Telemedicine is more important than ever. But where is it headed?

telemedicine illustration of a phone and stethoscopes

Telemedicine services are seeing a surge like never before

Telemedicine is not a new industry, but it is one that’s rapidly evolving and gaining more traction every day. Its growth was only accelerated by the onset of the COVID-19 pandemic, which brought about a huge behavioural shift in the use of technology for virtually everything, from work to education to healthcare. 

Telemedicine services include clinical care to patients through email, mobile apps, phone, or video calls. Using this technology, healthcare professionals can assess—and even diagnose—patients remotely. Over the last decade, telemedicine services have seen tremendous growth and innovation. These advancements have made quality healthcare more accessible to a growing number of people, among them the most vulnerable populations who cannot attend in-person appointments. 

It’s not just patients who are benefitting from telemedicine. Healthcare workers in remote field settings can obtain guidance from colleagues elsewhere — supporting diagnoses, clinical care, education, and facilitating health administration. 

While the adoption of telemedicine is growing exponentially, it does have its own set of challenges and obstacles.

Challenges facing telemedicine providers

Hybrid solutions are lacking

Though telemedicine services exist in most cases to supplement face-to-face care, a hybrid approach can leave patients wanting. Virtual and in-person solutions are often siloed, creating problems with continuity and interoperability. 

A patient who consults a doctor virtually might later book an in-person appointment with another doctor. Without a common health record, the patient may spend more time explaining her health history and reiterating her concerns than receiving care. Such gaps can lead to unnecessary complexities, time wasted, and delays in treatment. Given these risks, organizations need to be strategic about offering an integrated and holistic operating model.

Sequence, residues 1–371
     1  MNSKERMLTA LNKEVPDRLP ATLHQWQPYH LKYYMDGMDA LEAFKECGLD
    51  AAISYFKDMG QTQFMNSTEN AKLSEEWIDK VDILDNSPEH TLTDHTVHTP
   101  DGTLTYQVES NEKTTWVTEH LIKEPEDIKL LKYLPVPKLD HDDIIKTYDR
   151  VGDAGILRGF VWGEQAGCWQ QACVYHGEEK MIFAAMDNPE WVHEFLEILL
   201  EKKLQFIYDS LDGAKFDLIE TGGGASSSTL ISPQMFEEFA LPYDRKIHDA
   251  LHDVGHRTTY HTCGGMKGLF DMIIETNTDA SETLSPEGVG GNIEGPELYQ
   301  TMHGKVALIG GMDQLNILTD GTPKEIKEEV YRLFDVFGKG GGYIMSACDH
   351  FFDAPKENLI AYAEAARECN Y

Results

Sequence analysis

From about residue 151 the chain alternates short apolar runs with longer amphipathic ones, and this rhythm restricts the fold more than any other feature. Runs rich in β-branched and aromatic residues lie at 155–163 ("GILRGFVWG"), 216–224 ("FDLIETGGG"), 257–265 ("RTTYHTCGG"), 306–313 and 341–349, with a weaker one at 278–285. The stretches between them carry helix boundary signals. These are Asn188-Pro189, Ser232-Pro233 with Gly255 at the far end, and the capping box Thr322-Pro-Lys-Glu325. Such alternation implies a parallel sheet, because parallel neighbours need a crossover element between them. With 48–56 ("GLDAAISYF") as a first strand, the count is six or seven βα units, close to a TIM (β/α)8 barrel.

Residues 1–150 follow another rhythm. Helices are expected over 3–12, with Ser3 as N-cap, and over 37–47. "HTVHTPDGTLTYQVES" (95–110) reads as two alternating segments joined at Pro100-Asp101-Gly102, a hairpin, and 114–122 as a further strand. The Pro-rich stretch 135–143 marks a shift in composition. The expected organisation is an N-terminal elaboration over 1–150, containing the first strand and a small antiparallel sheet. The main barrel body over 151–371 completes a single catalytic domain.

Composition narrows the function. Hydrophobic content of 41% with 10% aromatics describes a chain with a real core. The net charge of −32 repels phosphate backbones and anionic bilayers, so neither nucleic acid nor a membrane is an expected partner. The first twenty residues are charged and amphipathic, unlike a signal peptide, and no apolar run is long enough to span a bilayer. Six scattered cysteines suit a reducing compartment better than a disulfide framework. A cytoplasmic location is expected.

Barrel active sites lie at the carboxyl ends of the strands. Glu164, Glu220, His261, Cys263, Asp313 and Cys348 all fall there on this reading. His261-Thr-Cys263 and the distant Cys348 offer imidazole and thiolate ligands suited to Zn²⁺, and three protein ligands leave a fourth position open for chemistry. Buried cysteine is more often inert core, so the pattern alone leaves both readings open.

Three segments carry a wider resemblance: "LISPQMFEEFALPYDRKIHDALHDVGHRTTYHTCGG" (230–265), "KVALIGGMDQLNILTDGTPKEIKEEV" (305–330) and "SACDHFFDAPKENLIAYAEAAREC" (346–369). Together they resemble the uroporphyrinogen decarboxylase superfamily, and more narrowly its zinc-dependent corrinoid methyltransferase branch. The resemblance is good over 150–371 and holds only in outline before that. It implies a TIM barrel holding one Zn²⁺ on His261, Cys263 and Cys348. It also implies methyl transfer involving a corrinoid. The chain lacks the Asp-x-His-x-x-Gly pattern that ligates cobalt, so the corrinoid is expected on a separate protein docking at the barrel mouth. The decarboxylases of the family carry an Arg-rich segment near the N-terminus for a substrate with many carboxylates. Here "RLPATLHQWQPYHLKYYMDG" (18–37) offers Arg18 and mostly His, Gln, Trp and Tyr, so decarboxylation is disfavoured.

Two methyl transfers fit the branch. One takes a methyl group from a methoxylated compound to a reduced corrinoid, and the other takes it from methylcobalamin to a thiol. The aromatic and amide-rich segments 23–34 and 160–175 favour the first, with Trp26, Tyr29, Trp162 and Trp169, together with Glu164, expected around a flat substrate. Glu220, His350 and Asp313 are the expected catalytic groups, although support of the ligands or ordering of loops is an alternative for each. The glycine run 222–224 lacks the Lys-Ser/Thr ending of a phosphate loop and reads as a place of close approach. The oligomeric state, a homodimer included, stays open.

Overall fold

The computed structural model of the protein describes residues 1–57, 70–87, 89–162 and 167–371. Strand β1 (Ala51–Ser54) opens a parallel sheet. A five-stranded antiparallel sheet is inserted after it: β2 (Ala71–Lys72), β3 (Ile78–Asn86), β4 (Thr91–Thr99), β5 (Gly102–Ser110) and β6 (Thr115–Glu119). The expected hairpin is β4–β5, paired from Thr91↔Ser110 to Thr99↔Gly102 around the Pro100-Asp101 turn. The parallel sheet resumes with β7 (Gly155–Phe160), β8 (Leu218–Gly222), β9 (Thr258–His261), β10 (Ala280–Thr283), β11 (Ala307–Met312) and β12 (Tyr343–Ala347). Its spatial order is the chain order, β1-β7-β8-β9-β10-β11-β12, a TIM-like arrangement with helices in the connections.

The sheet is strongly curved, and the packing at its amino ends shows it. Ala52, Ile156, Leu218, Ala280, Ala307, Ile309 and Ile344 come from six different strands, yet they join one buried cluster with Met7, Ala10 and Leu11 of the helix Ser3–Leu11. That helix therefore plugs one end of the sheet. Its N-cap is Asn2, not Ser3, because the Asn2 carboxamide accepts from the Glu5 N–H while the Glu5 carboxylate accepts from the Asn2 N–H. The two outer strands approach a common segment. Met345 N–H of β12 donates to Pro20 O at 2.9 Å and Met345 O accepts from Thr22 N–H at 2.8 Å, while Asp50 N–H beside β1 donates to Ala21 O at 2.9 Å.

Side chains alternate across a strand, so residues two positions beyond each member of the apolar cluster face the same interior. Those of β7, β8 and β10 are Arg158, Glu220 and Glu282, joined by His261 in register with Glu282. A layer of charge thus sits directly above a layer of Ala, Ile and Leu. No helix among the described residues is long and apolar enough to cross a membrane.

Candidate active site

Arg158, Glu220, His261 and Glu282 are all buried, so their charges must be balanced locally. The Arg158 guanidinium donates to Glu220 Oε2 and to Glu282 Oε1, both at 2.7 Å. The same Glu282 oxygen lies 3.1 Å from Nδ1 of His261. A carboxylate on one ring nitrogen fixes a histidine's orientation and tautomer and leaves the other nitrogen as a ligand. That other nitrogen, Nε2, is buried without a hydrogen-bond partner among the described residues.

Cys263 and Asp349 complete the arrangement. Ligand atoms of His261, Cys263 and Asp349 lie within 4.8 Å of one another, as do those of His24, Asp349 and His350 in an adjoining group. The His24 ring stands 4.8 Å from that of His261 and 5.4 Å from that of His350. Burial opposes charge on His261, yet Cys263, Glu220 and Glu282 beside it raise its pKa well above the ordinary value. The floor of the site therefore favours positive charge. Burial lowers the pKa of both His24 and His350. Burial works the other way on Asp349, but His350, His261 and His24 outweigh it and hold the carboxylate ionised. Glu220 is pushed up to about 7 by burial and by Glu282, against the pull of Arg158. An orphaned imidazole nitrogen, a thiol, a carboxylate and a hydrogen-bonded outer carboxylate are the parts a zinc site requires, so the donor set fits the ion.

Digital Health 150 companies

The vendor marketplace has attracted substantial amounts of investment and achieved record valuations. The investment dynamics of this industry are ripe for rapid consolidation. While there are different competitors competing for similar services, there is a need for continuous and rapid administrative evaluations — this could become a significant differentiator for a future dominant player.

Competition is tight 

Consumers have easier access than ever to online information such as pricing, services, availability, and ratings for any healthcare provider they choose, allowing them to make informed decisions. This makes it a challenge for healthcare providers to stand out; even by adding cutting-edge technology, they are often only leveling the playing field, rather than gaining a competitive edge.

Even with its challenges, telemedicine is advancing and evolving quickly

chart illustrating telemedicine trends in the article

Healthcare being available with the click of a button has changed the way we think, access, adopt, and afford it. According to a report by Telus Health, at the end of April 2020, 60% of visits for healthcare services were virtual, which was up from 20% over the previous 12 months.